Updated: 04/11/2014 7:36 PM
Created: 04/11/2014 1:00 AM KSTP.com
By: Cassie Hart
Lawmakers will be less than a month from the mandatory session finish line when they return to the Capitol after Easter, but don't be surprised if they make an earlier break for it.
Much of the heavy lifting of the election-year session is done. Negotiators from the House, Senate and Gov. Mark Dayton's administration forecast more ease than usual buttoning up remaining tax and budget bills. Leaders say any policy changes could be seen as optional. The big exception is a public works package known as the bonding bill, which is far from taking final shape.
Here's a look at where major items stand after seven weeks of the 2014 session:
Lawmakers have already dished out about half of the state's $1.2 billion surplus, much of it in targeted tax relief or the elimination of controversial business taxes. Another $100 million in tax breaks is still in the mix, though who gains is yet to be decided. They've also set aside $150 million for the next rainy day. What remains is likely to be split among schools, caregivers for the disabled and elderly, development of broadband technology in far-flung areas and quick fixes to pothole-battered roads. If lawmakers can't agree, they can leave more money to haggle over next year.
A plan to sell state bonds for construction projects around the state will be the dominant issue in the late stages of session. There are two main decisions to make: How big will the bill be and what types of projects will make the cut? Republicans say they won't go for a bill larger than $850 million, and their support is needed because bills authorizing borrowing require supermajority votes. Dayton has suggested that lawmakers negotiate a higher cap, but that's unlikely. It seems certain that there will be money to finish the state Capitol renovation, to fix college campus buildings and upgrade prisons and other secure facilities. Watch for hearty debate over plans to outfit the new Lake Vermilion State Park.
Legislation expanding alcohol sales on Sundays has made progress but is no sure thing. A Senate liquor bill would allow taprooms to make Sunday sales and let craft-beer brewers sell or refill 64-ounce containers called "growlers" on Sundays. They are short of an all-out repeal of Minnesota's ban on takeaway Sunday liquor sales. And even for the incremental measures, resistance from some quarters could show itself before the House or Senate vote.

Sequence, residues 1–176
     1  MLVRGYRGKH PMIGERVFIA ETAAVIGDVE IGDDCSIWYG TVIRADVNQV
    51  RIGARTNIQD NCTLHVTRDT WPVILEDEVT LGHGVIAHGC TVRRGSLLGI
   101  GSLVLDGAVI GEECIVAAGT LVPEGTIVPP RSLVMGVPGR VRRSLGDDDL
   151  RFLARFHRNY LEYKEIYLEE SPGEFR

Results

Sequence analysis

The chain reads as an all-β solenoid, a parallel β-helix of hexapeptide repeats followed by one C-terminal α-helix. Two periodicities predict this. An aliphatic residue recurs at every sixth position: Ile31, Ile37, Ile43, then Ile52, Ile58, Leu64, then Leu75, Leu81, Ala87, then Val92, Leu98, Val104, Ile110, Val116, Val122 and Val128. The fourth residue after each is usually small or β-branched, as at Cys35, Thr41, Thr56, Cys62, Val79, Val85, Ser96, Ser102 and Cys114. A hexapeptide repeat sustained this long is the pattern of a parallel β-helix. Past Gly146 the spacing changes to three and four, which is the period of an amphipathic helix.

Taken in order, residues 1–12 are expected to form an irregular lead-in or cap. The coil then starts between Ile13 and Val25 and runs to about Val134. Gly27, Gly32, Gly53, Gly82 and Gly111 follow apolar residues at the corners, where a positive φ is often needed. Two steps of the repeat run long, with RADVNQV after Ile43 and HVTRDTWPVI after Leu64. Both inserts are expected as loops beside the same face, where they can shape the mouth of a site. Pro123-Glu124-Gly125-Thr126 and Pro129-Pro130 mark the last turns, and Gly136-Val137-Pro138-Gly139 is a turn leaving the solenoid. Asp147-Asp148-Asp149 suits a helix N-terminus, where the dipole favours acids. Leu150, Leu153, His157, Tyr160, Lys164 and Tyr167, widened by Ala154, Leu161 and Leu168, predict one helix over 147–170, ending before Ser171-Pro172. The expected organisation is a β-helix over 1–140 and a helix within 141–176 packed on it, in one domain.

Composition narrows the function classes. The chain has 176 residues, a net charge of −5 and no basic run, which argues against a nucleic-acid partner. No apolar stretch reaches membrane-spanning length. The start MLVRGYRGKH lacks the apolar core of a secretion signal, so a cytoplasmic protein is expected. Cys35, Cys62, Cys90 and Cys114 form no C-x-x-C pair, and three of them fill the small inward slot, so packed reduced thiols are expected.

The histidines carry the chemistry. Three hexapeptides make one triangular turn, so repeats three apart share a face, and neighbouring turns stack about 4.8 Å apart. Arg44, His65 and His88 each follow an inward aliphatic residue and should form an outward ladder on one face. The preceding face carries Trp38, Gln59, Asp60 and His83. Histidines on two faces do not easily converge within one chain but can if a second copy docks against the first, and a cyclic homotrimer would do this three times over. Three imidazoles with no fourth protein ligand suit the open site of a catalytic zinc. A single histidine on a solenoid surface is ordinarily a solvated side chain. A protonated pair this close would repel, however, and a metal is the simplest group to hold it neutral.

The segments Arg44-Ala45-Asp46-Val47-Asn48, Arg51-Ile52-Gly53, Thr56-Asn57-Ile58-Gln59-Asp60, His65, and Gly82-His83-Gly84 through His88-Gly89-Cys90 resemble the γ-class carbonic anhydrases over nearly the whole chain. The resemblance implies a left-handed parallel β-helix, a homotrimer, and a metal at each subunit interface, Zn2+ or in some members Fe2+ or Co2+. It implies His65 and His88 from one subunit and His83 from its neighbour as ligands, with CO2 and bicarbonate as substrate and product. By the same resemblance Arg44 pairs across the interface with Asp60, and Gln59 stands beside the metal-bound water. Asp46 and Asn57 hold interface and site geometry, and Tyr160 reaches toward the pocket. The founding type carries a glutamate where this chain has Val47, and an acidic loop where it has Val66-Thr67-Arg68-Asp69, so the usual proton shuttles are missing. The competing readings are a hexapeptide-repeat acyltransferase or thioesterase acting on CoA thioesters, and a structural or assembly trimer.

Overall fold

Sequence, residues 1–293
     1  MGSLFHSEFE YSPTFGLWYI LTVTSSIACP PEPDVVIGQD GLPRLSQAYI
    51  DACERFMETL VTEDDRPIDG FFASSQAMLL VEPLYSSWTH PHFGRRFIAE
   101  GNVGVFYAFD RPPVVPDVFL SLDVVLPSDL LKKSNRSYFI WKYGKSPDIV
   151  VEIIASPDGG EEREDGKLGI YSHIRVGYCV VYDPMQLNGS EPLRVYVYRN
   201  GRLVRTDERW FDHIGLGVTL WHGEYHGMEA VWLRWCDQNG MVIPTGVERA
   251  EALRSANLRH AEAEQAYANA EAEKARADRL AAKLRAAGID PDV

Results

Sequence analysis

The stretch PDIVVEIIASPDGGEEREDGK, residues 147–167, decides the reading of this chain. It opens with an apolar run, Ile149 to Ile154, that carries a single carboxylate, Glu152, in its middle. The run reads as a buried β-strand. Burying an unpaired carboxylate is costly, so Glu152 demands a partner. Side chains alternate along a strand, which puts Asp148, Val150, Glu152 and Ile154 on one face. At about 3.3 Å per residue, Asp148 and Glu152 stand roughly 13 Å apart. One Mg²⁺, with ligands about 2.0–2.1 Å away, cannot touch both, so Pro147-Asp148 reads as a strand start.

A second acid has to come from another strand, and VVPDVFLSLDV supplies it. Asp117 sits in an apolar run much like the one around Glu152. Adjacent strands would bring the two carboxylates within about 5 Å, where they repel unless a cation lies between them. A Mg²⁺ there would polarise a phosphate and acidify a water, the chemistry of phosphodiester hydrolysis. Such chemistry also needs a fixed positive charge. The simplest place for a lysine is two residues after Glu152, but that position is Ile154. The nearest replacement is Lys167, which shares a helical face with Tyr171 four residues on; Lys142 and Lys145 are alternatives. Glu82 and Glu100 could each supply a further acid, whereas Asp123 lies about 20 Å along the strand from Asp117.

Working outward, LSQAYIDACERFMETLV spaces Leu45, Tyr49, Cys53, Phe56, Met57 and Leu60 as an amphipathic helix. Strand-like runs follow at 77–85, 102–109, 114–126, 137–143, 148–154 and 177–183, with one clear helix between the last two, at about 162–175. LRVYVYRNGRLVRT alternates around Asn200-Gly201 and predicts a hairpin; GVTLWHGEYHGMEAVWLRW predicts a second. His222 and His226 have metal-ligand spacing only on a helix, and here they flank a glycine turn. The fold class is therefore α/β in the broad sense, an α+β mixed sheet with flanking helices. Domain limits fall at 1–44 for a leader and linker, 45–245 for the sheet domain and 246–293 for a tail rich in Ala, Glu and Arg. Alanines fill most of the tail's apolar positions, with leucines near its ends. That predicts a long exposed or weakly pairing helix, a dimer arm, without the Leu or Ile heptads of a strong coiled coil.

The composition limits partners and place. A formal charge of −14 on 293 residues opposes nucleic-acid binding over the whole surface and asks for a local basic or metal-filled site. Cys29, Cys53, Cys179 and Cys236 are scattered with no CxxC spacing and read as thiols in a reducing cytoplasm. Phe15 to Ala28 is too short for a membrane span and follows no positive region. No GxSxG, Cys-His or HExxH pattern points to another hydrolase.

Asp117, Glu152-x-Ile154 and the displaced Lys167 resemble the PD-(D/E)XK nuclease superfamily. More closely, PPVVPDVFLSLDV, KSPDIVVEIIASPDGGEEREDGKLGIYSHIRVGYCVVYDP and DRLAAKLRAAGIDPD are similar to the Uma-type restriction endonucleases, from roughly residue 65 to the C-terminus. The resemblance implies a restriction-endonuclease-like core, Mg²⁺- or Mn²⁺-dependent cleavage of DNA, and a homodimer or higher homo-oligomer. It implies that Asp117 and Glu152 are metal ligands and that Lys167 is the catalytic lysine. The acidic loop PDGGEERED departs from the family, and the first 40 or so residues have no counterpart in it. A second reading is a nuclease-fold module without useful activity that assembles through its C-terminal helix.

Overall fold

Few issues have provided as much drama this year as a bid to make marijuana a legal medicine. It has opened up a sharp rift between advocates and Dayton, who has sided with law enforcement against a broad proposal. Supporters want access to the drug now to ease suffering. Dayton has suggested researching the plant's medicinal qualities. The proposal is stalled in the House but has shown new life in the Senate after the governor dared legislators last week to try to pass something if they didn't like his approach. A bill allows licensed practitioners to prescribe pot to patients for maladies including cancer, epilepsy and extreme pain. Talks will resume after the break.
The deal formally gets ratified on Monday. Dayton will sign a bill making annual increases to the state's minimum wage. It will climb to $8 per hour this summer, $9 the next and $9.50 by August 2016. After that it will be hitched to inflation so future increases will be out of the hands of the Legislature. The bill passed with only Democratic votes last week after lawmakers strained for more than a year to get it done.
Concerns over how much personal data government collects and what it keeps is fueling a wide examination of practices. Bills regulating everything from newborn screening tests to license plate readers to cell-phone surveillance technology are in play. Bills that would have put curbs on police aerial drones have stalled. At a minimum, expect lawmakers to create a special legislative task force to delve deeper into data privacy issues to craft new laws in the years to come.
Construction is slated to begin July 1 on an $89.5 million project to build a new state Senate office building. The structure itself will house all 67 senators and cost $77 million. A user-funded parking lot completes the project and accounts for the remaining $12.5 million cost. Democratic lawmakers say the ongoing $273 million Capitol renovating necessitates the Senate building because existing offices and hearing rooms will be eliminated. Republicans charge the project is a waste of taxpayer money. Even Dayton had qualms.
Dayton wanted legislators to do as much to prune state law books as they do to add to them. His administration submitted more than 1,000 suggestions for repealing or modifying laws that are outdated, duplicative or nonsensical. Many of the proposals have passed the Legislature with bipartisan support. For lawmakers on the ballot this fall, the legal cleanup will be pitched to voters as government streamlining.
WOMEN'S WORKPLACE PROTECTIONS
Among the final pieces of legislation before lawmakers is a far-reaching package being dubbed the Women's Economic Security Act. The bill sailed through the House by in a broadly bipartisan vote, 106-24. The proposal aims to narrow the pay gap between men and women, expand access to affordable child care and increase unpaid parental leave from six weeks to 12 weeks. A companion Senate bill will get a vote after the break.
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